One possible reason for the surprising intensity of this heat wave is that, as climate change amplified temperatures, what happened was still a very rare and unlucky event for the region. It’s not easy to tell how rare it is, given that the observed temperatures were so far off the charts, the researchers said. Under current climatic conditions, simulations suggest that such a heat wave could occur once every 1,000 years, but these events will become much more frequent in the future as the climate changes.

aerial image of a forest fire in British Columbia
By the end of June 2021, more than 40 wildfires had burned in British Columbia, Canada, exacerbated by extreme drought and intense heat. A fire burned 90 percent of the town of Lytton, which had set a new temperature record for the country the day before. The fire also generated a huge plume of smoke producing a storm, called a pyrocumulonimbus cloud.Nasa

Another possibility is darker: Climate simulations may not accurately capture what actually happens during extreme heat waves. “Climate science has been a little complacent” about simulating heat waves, assuming heat wave temperatures would increase linearly with rising global temperatures, Otto said. But now the Earth’s climate system may have entered a new state in which other climatic factors, such as drier soils or changes in jet stream circulation, exacerbate the heat in more difficult ways. to be expected and less linear.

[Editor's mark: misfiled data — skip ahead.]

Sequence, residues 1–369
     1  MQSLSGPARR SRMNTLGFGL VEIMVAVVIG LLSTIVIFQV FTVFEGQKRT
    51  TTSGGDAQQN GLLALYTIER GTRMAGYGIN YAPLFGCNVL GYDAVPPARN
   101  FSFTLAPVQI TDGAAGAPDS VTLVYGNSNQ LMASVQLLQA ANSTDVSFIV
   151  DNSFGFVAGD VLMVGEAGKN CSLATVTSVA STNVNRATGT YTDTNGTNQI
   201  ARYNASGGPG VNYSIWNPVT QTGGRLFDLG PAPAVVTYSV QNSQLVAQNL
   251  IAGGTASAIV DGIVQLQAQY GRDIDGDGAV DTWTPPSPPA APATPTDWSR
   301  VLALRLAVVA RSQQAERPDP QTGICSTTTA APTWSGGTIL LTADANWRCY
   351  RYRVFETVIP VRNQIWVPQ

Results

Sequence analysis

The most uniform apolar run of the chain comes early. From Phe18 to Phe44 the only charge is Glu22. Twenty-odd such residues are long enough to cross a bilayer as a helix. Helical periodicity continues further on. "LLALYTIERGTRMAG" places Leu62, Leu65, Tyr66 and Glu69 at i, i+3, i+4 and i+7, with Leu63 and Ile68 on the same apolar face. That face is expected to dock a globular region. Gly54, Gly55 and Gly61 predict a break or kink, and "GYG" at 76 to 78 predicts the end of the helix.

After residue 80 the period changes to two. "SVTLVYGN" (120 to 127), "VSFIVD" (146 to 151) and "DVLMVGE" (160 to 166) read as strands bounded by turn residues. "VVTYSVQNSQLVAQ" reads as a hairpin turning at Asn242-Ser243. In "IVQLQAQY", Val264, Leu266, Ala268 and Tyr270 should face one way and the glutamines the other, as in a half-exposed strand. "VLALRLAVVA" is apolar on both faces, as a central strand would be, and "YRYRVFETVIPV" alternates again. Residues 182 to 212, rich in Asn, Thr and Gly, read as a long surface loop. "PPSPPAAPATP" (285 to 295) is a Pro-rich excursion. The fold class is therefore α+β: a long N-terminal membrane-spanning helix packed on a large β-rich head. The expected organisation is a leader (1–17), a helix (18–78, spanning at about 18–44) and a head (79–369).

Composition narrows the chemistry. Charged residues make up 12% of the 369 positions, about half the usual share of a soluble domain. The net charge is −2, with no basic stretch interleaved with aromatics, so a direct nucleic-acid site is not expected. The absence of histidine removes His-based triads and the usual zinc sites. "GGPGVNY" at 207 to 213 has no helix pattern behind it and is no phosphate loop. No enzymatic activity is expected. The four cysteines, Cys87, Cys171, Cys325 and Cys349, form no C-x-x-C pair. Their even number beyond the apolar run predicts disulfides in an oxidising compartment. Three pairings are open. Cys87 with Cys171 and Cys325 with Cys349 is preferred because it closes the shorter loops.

The new study did not seek to determine which of these possibilities is true, although the team plans to tackle that question in the coming months. However, many scientists have already noted the inability of current climate models to capture what is really going on.

“I agree that it is practically impossible that the [Pacific Northwest] the heat wave would have occurred with the intensity observed in the absence of climate change, ”commented by email Michael Mann, a climate scientist at Penn State who was not involved in the attribution study. “But the models used do not capture the phenomenon of the jet stream… which WE KNOW played an important role in this event.”

The disproportionate warming of the arctic region alters the high temperature gradients in the atmosphere, which can lead to a more wavy jet stream, Mann wrote in the New York Times June 29. This ripple can exacerbate and prolong extreme weather events, such as the thermal dome centered over the Pacific Northwest in late June.

This recent heat wave was not only a major disaster, but also posed major scientific questions, said van Oldenborgh. Such an event “would have been deemed impossible last year. We have all just reduced our certainty about the behavior of heat waves, ”he added. “[We] are much less certain of the impact of climate on heat waves than we were two weeks ago.